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How to Calculate When I Should Take a Pregnancy Test

by
author image Jennifer S. Wright
Since 2008, Jennifer S. Wright has written articles on a variety of topics including parenting concerns, medical conditions and nursing issues. Her articles have appeared in "LPN" magazine as well as on various online publications. An LVN since graduating from Weatherford College in 2005, Wright has taken care of elderly, pediatric and obstetric patients in hospital and home health care settings.
How to Calculate When I Should Take a Pregnancy Test
Don't take the test too early. Photo Credit Izdebska/iStock/Getty Images

According to the National Institutes of Health, pregnancy tests performed at home are about 98 percent accurate when used properly according to the package directions. Pregnancy tests detect a hormone called HCG, for human chorionic gonadotropin, which is also referred to as the pregnancy hormone. This hormone is released when an egg implants into the uterus. The best time to take one of these tests is after you have missed a period. If you test too early, the amount of HCG in your urine may be too low for the test to detect.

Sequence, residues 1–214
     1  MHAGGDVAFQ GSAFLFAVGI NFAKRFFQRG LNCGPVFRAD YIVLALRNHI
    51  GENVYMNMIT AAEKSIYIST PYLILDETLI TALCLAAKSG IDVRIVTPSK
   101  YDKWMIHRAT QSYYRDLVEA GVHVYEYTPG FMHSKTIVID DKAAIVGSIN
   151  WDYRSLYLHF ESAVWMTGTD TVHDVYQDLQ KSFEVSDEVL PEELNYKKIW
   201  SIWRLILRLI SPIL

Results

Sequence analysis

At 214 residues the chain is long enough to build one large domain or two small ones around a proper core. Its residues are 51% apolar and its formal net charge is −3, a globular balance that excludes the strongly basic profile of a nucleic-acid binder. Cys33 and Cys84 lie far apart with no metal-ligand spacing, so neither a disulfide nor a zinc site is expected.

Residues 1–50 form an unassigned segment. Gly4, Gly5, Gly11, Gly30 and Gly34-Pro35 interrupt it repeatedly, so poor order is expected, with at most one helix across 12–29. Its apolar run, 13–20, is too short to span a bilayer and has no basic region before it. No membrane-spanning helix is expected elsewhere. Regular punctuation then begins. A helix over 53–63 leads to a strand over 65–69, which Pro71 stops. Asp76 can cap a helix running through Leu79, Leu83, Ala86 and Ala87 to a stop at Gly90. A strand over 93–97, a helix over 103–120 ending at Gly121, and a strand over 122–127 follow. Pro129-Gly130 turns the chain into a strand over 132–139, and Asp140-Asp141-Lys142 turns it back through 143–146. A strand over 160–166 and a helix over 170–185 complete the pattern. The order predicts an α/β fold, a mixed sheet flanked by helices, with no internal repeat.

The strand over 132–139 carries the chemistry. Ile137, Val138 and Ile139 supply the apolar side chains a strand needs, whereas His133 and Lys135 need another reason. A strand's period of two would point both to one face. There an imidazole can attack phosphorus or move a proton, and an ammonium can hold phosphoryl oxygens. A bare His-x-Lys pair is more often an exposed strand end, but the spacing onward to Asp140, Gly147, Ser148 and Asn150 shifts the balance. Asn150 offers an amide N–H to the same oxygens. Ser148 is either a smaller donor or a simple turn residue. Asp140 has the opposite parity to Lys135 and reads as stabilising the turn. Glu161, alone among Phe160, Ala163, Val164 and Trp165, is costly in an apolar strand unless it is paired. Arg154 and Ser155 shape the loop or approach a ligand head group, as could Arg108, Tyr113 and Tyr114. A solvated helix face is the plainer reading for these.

Step 1

Determine the first day of you last normal menstrual period. Mark this date with an X on a calendar.

Step 2

Add the number of days you usually have in a normal menstrual cycle to the date marked with an X and circle this new date. A menstrual cycle is counted from the first day of your period to the day before the first day of your next period. According to The National Women’s Health Information Center, an average menstrual cycle is 28 days long, but can range from 21 to 35 days in women and as long as 45 days in young teens. If you are unsure of the length of your menstrual cycle, add 28 days to the date marked with an X and circle the calculated date.

Step 3

Wait one day after the circled date and then take a pregnancy test, if your period has not yet arrived. You can test at any time of day, but your first morning urine has the highest concentration of the pregnancy hormone. Continue to the next step if the test is negative, but you still feel you might be pregnant or you are experiencing symptoms of pregnancy including tender breasts, nausea, vomiting, food aversions or cravings, dizziness, fatigue, headaches and mood swings.

Step 4

Wait one week from the date you took the first pregnancy test to take another test, if your period has not yet arrived. According to the Mayo Clinic, pregnancy tests claim accuracy as soon as the first day of a missed period, but waiting one week after a missed period will give you the most reliable results.

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